Foolish Fools and the Fools Who Fool Them



Happy April Fool’s Day!

This week’s post is a pithy collection of a dozen quotes about fools.

If you have a favorite that you don’t see here, please add it in the comments…

Joe Kerr


Better a witty fool than a foolish wit.
— William Shakespeare, Twelfth Night


Who’s the more foolish: the fool, or the fool who follows him?
— Obi-Wan Kenobi, Star Wars Episode IV: A New Hope


The greatest pleasure of a dog is that you make a fool of yourself with him and not only will he not scold you, but he will make a fool of himself too.
— Samuel Butler, Notebooks


If at first you don’t succeed, try again. Then quit. No use being a damn fool about it.
— W. C. Fields


They that are fated to be fools, have one consolation, that they are fated also to be ignorant of it.
— Norman MacDonald, Maxims and Moral Reflections


A common mistake that people make when trying to design something completely foolproof is to underestimate the ingenuity of complete fools.
— Douglas Adams


Don’t approach a goat from the front, a horse from the back, or a fool from any side.
— Jewish Proverb


Wise men speak because they have something to say; fools because they have to say something.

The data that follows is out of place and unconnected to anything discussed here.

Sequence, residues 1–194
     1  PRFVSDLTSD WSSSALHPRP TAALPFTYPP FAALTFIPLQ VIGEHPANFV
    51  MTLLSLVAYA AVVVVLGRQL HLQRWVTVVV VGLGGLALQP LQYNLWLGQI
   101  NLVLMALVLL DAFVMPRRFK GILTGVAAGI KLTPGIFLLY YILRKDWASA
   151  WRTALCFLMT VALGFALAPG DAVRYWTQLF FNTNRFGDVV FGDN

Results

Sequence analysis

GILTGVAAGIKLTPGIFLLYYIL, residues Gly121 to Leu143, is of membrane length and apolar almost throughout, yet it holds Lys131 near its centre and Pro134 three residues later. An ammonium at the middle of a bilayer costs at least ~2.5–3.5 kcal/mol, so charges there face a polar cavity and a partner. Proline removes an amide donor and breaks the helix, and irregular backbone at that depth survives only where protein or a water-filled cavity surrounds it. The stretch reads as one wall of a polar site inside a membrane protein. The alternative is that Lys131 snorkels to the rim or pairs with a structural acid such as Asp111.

— Anon. (or maybe Plato ;-))


A fool follows his own wisdom and makes his own mistakes but a Wise man learns from the mistakes of fools.
— Luelle Davis


Better to remain silent and be thought a fool than to speak and remove all doubt.
— Abraham Lincoln or Mark Twain or ?!?!?
(click here for more info)


You can fool some of the people all of the time, all of the people some of the time, but you can’t fool Mom. She’s pretty nice and she’s pretty smart. If you listen to Mom you won’t go far wrong.
— Captain Penny (click here for more info)


Build a system that even a fool can use, and only a fool will want to use it.
— George Bernard Shaw



7 thoughts on “Foolish Fools and the Fools Who Fool Them

  1. Joe, back in the day, I played the fool in King Lear. The irony of Lear’s Fool was that he was the bearer of wisdom, where it was the King himself who was really the fool. Sayeth Lear’s Fool: “He’s mad, that trusts in the tameness of a wolf, a horse’s health, a boy’s love, or a whore’s oath.”

    • Well spake! It’s often the fool’s words that are allowed to be spoken in even the most controlled societies. Funny but true.

  2. Pingback: America's "Enough" Problem - Joe's DumpJoe's Dump

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